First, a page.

Historically, the most sustainable forms of consuming fashion have been purchasing vintage, second hand and thrifted clothing, or learning to craft your own clothes. Now in 2020 making our style sustainable is more important than ever. Due to the current environmental and political climate I think we can all agree that the participation in sustainable fashion when possible whilst also holding exploitative fashion brands accountable is absolutely vital.
A key part of dismantling systemic racism within a capitalist society is to stop supporting unethical and problematic fashion brands, and instead elevate POC talent and support black-owned businesses. Here’s a selection of our favourite sustainable black-owned Depop businesses – let’s put our money where our mouths are.
Bristol-born, Brixton-based designer Mia Joseph creates colourful one-off pieces from the inside of her bedroom, and via Depop has now turned this into a booming business. Mia uses overlocked raw stitching and incorporates various materials such as mesh and jersey to construct into vibrant patchwork tops, co-ords and dresses. Having been featured in the Depop Space at Selfridges London last year @mayaemade is now a favourite with Jorja Smith, Jordyn Woods and Stefflon Don.
A more recent member of the Depop community, the gag-worthy and loveable host of Youtube series ‘Jason’s Closet’ Miss Jason has created a non-profit account @comcwithmissjason in order to raise money for The UKQTIBIPOC Hardship Fund. Miss Jason has received donations of gorgeous designer pieces from the likes of FKA Twigs and Lily Allen amongst other celebrity friends. With even more pieces to come, so far we’ve seen drops of Art School pieces, Ashish, Liam Hodges, Xander Zhou and Alan Crocetti to name but a few. The UKQTIBIPOC Hardship Fund offers financial aid to cover living costs for Queer, Trans and Intersex POCs who have been affected mentally, physically or financially by COVID-19. 100% of proceeds from the fashion sale are going to the important cause.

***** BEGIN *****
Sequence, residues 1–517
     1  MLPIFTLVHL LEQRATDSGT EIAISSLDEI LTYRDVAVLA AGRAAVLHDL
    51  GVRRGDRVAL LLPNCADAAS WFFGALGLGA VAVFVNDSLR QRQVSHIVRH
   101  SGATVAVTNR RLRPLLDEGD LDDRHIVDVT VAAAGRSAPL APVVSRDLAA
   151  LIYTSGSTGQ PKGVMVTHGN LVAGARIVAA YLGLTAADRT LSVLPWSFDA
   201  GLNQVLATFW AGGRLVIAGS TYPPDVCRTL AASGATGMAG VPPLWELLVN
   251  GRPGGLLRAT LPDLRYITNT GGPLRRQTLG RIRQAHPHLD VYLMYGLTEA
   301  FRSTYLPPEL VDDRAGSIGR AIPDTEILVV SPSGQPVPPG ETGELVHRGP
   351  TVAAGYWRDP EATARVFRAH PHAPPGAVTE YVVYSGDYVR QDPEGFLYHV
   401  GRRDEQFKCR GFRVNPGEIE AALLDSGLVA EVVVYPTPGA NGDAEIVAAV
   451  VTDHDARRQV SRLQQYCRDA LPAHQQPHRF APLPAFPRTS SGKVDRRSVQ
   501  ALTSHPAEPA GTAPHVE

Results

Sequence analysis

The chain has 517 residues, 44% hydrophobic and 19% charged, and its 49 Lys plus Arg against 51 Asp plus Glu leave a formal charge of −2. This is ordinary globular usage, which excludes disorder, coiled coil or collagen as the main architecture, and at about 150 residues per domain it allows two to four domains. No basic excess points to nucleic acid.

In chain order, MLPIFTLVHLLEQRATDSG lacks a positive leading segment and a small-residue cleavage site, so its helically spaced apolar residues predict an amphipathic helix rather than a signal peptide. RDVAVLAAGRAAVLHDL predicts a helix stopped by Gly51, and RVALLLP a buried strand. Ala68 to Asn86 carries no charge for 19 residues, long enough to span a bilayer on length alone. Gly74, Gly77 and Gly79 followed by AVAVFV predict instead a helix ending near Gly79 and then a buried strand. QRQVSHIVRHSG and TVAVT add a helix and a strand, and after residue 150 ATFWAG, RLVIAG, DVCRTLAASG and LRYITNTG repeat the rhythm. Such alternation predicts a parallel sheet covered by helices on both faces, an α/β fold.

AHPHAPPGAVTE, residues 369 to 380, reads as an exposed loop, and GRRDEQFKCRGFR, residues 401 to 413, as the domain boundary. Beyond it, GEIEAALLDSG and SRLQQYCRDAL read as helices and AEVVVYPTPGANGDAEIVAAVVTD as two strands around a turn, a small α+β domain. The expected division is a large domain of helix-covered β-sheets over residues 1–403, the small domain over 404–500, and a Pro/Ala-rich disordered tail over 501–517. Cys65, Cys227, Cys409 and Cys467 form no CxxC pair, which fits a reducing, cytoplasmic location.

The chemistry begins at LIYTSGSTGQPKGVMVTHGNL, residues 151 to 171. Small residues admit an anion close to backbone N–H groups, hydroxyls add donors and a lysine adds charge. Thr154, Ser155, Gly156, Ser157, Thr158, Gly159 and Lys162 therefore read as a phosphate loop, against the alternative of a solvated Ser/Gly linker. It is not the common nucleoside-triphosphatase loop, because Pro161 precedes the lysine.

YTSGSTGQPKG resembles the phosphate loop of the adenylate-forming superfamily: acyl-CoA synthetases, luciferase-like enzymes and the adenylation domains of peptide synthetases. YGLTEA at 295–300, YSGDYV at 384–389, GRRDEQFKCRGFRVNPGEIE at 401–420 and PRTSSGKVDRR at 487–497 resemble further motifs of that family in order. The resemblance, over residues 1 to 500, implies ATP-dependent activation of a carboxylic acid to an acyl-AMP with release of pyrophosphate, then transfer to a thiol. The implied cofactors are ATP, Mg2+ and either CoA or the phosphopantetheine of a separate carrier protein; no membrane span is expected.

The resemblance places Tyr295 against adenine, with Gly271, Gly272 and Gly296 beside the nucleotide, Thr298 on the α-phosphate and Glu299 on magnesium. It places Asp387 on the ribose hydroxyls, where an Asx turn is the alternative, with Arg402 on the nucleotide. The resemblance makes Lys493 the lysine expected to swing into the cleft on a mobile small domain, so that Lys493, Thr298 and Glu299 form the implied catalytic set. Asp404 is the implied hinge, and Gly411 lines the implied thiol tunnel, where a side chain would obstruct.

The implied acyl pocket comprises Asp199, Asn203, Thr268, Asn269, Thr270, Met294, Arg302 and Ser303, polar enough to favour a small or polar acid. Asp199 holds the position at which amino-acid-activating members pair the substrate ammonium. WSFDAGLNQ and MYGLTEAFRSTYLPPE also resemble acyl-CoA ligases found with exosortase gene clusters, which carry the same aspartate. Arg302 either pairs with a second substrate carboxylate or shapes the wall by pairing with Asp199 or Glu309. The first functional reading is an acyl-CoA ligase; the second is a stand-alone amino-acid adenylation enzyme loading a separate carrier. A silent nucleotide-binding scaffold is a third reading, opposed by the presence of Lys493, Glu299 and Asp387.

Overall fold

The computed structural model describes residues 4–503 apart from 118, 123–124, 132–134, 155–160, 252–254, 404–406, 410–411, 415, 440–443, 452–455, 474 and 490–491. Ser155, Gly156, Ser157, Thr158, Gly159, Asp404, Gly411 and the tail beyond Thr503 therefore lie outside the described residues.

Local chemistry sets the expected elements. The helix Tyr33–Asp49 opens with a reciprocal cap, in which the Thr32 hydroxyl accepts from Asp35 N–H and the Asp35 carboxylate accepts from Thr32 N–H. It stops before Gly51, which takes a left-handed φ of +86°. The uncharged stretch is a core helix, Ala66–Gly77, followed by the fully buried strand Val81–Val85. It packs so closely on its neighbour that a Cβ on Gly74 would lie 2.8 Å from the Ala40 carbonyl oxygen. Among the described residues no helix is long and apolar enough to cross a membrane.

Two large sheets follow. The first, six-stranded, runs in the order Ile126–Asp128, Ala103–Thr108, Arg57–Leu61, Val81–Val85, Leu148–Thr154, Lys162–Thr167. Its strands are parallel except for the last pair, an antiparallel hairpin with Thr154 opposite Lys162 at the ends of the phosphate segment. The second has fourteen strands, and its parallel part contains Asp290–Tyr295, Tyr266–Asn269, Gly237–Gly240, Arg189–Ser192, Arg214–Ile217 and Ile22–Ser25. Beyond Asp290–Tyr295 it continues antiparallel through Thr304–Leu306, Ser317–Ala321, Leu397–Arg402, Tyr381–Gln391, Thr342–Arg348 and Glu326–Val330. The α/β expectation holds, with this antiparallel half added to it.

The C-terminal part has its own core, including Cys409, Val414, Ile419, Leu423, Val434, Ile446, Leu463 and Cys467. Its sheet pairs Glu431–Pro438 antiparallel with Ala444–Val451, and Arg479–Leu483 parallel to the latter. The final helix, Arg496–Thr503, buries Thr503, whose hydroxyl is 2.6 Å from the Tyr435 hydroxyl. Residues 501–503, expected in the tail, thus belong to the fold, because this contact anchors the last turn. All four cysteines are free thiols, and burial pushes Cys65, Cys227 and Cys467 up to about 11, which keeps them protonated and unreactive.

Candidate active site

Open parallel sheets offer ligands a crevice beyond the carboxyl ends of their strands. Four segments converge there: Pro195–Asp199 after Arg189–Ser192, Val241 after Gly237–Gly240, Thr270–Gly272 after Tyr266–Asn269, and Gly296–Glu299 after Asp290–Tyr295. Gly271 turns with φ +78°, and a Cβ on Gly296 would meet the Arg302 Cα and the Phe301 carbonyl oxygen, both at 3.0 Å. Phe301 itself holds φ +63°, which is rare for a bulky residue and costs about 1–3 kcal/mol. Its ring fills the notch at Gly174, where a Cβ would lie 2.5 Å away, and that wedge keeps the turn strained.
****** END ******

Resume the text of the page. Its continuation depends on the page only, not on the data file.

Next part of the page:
Whilst studying at Kingston University in 2017 Christiana Jones found her beginnings in business and fashion on the app Depop selling vintage sunglasses and clothing inspired by her travels. What started as a small passion soon blossomed into a hugely successful business platform. Now specialising in sunglasses, the designer creates pairs inspired by the 90s favoured by models, artists and influencers alike. Her signature style is angular framed micro glasses with tinted lenses that come in an array of colours. Although now no longer selling via Depop, her stock is available to buy via christianahjones.com and also in Selfridges.
Depop Community Leader, Adwoa Owusu-Darko and her inspiring account started way back in 2016. Adwoa gradually built up her audience through graft and consistency selling sustainable vintage clothing, and in the past year has both doubled her followers and her sales. Mini’s World sells casual versatile vintage pieces at affordable prices. Since April 2020, Mini now offers consulting sessions via her launch of ‘MINI’s LAB’ which provides one on one advice in order to help other Depoppers grow their business.
Visual and performance artist Micheal Boardii runs a gender-fluid Depop account @thekahlo which offers an array of gorgeous and vibrant high-quality vintage clothing modelled in an aesthetic experimental way.
Poca London run by Jade Laurice, sells hand-painted customised vintage wear and accessories. From phone cases to artwork to headwear and graffitied jackets – all of Poca London’s pieces are special and one-off.
Run by Dalston-based Prince, Depop business @youthclubstore sells designer garments and sportswear. Prince curates and sources vintage clothing influenced by local youth and creative communities around him in East London.
Depop account Studio Dem sells elegant and chic vintage high-end pieces for all occasions, not just clothing but jewellery, handbags and shoes too.
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